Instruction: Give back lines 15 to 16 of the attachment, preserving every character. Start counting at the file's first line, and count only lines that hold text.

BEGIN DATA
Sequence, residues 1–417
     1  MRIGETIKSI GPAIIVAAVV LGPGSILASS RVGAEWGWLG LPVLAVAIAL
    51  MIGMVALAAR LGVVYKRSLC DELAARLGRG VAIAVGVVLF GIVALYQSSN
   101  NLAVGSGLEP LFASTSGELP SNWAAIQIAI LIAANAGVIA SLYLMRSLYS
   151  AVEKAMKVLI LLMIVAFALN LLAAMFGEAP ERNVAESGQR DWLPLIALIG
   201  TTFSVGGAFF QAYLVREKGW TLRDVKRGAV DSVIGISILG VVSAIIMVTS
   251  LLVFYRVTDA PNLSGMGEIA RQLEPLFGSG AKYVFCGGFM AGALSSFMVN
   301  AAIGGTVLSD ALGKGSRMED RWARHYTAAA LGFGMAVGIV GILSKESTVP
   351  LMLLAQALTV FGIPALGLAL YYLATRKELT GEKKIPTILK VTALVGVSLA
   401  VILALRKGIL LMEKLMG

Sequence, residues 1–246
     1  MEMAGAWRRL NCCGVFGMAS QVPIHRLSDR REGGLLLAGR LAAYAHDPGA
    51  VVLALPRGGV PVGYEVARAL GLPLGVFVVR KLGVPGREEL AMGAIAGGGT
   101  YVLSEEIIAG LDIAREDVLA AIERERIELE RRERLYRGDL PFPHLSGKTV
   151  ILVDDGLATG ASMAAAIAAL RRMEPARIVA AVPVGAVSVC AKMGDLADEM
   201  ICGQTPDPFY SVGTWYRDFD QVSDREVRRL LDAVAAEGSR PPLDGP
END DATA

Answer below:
   151  ILVDDGLATG ASMAAAIAAL RRMEPARIVA AVPVGAVSVC AKMGDLADEM
   201  ICGQTPDPFY SVGTWYRDFD QVSDREVRRL LDAVAAEGSR PPLDGP